Twenty years ago today an estimated 15,000 to 20,000 people jammed an area around Westminster College to listen to Soviet President Mikhail Gorbachev deliver an address that many now interpret as the end of the Cold War.
Historians credit a speech made at Westminster College in Fulton in 1946 by British Prime Minster Winston Churchill as the start of the Cold War when he used the "Iron Curtain" term to describe Soviet expansionism and the threat of communist imperialism.
Forty-six years later Gorbachev came to Fulton for an address that formally lifted the Iron Curtain.
By the time Gorbachev came to the United States for the speech, the Soviet Union already had collapsed, having disintegrated into 15 separate countries four months earlier.
In August of 1991 a group of hard-line Soviet communists organized a coup d'etat. They kidnapped Gorbachev, and on Aug. 19, 1991, announced that Gorbachev was ill and would no longer be able to govern. Protests erupted throughout the Soviet Union and communist bosses could not persuade the military to put down the rebellion.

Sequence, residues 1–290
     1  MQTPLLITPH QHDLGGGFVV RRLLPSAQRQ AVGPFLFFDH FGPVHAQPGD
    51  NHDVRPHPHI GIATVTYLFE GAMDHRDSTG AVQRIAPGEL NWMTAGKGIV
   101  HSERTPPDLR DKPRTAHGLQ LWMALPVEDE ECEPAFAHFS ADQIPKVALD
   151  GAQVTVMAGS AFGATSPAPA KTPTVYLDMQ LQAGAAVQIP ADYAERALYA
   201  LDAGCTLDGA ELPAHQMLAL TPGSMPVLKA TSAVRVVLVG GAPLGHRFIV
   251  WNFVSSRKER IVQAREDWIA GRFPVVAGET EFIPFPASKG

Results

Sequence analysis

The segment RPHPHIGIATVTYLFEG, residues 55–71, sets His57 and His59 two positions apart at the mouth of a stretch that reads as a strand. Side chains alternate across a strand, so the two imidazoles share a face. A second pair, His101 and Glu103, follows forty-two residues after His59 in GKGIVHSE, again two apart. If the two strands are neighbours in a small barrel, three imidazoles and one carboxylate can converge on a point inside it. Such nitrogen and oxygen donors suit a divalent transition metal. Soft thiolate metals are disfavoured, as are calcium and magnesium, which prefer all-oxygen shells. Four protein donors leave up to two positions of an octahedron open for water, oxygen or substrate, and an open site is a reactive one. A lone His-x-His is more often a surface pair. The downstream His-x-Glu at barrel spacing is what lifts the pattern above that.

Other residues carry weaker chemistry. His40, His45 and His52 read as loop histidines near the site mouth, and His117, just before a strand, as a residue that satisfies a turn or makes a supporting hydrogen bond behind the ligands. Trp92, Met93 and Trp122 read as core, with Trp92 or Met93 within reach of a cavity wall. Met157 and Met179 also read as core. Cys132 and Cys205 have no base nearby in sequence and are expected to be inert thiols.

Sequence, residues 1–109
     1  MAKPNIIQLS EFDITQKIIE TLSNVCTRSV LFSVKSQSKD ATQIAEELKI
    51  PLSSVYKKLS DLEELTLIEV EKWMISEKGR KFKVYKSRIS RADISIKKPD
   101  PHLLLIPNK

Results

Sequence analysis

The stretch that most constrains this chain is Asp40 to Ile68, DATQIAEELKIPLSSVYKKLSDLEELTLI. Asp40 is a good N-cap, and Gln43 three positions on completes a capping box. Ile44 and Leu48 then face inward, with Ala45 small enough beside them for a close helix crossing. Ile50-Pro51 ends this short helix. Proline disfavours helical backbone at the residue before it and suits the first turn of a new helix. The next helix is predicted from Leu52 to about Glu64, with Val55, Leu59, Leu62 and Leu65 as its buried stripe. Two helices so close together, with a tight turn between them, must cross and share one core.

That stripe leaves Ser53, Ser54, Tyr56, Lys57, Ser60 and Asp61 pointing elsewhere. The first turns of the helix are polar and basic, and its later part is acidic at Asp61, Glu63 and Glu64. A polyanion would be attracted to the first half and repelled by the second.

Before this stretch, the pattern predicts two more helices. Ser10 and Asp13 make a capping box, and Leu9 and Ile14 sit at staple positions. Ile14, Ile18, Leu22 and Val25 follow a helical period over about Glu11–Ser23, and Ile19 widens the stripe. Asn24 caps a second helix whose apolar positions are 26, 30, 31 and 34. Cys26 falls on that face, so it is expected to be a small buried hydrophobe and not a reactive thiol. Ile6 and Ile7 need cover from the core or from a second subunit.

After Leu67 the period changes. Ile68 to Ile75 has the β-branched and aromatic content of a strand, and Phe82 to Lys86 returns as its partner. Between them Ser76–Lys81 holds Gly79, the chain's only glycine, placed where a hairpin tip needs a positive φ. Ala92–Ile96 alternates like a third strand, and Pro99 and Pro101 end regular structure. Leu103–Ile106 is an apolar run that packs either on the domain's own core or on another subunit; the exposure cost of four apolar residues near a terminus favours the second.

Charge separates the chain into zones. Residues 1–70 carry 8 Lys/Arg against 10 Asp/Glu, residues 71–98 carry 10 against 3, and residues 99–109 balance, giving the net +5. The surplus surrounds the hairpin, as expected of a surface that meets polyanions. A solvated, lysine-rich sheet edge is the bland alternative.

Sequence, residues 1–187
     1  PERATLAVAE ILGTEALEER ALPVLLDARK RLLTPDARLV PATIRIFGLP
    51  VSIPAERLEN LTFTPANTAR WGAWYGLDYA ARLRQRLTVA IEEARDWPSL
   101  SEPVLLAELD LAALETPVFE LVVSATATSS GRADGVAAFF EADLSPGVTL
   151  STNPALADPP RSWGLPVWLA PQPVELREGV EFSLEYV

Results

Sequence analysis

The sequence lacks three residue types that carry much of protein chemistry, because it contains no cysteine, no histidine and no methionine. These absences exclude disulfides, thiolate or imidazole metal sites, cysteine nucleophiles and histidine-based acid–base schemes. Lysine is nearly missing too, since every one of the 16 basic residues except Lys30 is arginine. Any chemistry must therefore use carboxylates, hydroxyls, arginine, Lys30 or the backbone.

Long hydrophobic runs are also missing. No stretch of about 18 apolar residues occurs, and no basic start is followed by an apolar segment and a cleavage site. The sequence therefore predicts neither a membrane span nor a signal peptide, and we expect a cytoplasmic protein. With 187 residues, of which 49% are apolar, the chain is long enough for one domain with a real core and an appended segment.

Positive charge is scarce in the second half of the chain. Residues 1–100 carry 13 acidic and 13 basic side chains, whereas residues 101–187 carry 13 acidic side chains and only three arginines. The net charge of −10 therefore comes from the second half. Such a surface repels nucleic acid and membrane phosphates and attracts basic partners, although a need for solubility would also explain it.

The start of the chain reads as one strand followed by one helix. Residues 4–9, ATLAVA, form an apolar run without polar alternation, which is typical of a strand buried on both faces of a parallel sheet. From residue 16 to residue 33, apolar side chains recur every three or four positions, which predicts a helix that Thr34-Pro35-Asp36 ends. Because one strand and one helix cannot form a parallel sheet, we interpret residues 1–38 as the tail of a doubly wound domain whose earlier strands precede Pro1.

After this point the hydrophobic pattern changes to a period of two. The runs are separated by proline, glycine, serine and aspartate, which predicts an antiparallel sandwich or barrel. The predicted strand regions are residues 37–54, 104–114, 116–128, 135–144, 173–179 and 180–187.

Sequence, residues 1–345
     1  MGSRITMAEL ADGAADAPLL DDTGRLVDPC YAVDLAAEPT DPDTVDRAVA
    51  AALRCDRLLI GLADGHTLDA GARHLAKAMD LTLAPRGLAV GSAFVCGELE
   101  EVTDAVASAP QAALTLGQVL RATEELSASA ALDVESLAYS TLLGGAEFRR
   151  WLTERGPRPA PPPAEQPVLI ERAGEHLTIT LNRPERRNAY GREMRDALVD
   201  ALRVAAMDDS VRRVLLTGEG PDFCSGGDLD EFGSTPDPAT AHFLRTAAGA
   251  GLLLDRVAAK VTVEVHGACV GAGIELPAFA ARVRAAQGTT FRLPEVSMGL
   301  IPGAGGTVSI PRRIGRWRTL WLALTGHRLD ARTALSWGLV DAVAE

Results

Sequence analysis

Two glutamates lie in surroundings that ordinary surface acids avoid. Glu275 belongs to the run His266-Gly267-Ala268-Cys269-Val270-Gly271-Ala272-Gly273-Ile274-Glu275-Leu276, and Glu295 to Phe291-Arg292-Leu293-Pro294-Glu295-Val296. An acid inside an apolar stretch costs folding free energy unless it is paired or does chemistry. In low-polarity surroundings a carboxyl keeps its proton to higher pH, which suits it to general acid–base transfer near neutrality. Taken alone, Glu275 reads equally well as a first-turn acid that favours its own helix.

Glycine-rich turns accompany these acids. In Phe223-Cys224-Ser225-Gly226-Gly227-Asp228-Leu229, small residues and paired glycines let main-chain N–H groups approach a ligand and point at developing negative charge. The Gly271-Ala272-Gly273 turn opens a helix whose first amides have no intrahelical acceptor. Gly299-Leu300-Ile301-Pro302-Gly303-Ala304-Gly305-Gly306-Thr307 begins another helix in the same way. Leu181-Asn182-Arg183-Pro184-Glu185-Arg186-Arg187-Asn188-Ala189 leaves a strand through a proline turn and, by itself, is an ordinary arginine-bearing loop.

After three days, the communist organizers surrendered. Gorbachev resigned as president on Dec. 25, 1991, and by January of 1992 the Soviet Union ceased to exist. All of the separate nations in the Soviet Union formed their own governments, including Russia.
By the time Gorbachev came to Fulton on May 6, 1992, he had been out of office for more than four months. But to many Americans he was still the symbol of the Cold War and they wanted to hear what he had to say.